„Tom has to tell in which distance they need to place the barriers in front of the stage. And then you ask yourself: isn’t there somebody else to decide this?“
What producer Oliver Schwabe impressed the most about the band was their energy and effort which they put in all their work: “they’re control freaks, which I found really interesting. It happens that somebody calls Tom out of the wardrobe, because Tom has to tell in which distance they need to place the barriers in front of the stage. And then you ask yourself: isn’t there somebody else to decide this? No! It’s always Tom! And he does this every day during the tour for month. This is something which impressed me a lot.”
Original article: flackernflimmern.com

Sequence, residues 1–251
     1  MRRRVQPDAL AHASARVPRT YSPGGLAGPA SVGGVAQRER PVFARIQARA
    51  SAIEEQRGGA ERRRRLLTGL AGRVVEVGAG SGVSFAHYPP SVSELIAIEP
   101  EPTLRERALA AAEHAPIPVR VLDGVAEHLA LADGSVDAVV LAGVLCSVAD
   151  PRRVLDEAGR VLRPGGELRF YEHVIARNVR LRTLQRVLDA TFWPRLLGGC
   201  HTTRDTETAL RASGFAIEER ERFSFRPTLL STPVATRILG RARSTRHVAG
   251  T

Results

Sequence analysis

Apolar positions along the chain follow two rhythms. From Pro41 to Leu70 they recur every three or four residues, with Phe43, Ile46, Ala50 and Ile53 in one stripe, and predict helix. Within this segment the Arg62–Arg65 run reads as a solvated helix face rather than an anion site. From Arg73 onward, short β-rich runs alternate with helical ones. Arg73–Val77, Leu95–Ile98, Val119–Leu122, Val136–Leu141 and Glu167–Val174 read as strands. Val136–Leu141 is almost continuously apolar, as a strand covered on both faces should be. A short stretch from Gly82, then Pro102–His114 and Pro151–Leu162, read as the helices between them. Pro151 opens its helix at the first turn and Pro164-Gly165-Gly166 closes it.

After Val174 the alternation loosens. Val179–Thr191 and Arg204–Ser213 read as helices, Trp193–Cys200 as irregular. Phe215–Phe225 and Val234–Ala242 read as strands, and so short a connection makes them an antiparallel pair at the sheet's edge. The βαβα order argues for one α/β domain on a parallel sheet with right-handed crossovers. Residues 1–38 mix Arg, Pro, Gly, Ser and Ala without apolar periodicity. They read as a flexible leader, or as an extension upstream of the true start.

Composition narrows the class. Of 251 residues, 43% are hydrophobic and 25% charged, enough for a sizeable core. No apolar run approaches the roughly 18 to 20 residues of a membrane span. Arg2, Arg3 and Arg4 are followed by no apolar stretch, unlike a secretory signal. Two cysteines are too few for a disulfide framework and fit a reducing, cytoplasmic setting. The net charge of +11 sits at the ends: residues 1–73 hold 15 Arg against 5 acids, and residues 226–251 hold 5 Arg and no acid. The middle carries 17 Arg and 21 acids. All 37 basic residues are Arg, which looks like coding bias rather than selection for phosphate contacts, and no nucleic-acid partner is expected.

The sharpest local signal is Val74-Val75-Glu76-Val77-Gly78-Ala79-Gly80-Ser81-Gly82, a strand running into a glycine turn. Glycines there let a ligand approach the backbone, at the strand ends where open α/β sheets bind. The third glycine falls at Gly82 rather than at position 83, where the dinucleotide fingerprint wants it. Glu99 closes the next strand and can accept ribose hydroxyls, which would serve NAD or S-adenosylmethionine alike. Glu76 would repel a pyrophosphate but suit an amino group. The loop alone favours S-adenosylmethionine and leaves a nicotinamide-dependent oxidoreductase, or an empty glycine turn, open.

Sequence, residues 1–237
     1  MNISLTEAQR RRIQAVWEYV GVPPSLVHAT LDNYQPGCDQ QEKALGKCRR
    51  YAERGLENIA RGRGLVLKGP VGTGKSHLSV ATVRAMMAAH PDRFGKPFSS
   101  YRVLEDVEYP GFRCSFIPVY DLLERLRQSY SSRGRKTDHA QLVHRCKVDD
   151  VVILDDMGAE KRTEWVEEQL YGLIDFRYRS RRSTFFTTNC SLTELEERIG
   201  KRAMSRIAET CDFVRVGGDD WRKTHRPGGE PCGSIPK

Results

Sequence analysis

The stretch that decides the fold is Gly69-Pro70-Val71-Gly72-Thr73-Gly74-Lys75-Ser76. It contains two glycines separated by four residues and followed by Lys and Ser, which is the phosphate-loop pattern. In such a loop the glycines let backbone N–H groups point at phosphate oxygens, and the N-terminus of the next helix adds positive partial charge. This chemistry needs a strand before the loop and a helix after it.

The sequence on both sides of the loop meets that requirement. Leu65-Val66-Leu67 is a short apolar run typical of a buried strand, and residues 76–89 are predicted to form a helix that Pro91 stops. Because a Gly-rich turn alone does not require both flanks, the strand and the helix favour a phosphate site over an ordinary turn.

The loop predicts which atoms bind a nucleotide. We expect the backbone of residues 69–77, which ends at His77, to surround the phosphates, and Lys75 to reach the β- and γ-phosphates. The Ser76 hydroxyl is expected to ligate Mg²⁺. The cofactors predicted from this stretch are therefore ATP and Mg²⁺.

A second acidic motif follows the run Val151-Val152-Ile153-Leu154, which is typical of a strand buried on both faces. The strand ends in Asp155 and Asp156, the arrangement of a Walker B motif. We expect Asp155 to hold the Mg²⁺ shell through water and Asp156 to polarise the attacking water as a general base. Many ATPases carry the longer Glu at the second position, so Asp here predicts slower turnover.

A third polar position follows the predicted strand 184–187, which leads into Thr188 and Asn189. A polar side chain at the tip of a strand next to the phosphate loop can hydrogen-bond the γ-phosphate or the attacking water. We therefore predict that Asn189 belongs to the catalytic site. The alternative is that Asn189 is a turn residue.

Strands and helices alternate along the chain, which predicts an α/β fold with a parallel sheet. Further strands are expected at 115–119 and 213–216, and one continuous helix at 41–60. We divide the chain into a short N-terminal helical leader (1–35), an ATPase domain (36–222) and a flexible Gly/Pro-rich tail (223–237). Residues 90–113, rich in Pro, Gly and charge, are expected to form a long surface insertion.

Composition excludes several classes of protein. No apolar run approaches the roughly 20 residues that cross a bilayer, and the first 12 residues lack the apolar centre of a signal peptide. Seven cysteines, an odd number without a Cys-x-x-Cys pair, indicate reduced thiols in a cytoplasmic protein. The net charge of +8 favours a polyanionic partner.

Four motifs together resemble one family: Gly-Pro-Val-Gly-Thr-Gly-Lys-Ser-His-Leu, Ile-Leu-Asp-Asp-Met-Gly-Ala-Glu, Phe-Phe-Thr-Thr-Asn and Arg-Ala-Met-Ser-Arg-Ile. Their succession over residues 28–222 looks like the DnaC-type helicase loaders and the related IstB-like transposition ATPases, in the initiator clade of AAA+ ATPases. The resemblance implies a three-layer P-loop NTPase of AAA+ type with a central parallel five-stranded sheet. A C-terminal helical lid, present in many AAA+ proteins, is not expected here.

“ich muss durch den monsun, hinter die welt” these are the lines that made Bill Kaulitz and his band Tokio Hotel famous in 2005. At the same time producer Oliver Schwabe started to recognize Tokio Hotel and was fascinated by them: ‚what I really found interesting was that Bill combined all codes from subcultures, while he as person took place in mainstream media.‘
Guided by this fascination Oliver Schwabe tried to get in contact with the band. But he failed due to the success and high demand for Tokio Hotel: “I was working on a movie at this time and I tried to reach out to you [Bill]. But I wasn’t able to get in contact.”
Today, 12 years later, Oliver Schwabe and Tokio Hotel made the documentary Hinter die Welt (engl. title: beyond the world), which premiered at the Filmfestival Cologne. In the context of the lecture Beuys will be Beuys Bill Kaulitz and Oliver Schwabe talked about how they build mutual trust, about the developing process and how they used the movie to portrait the band.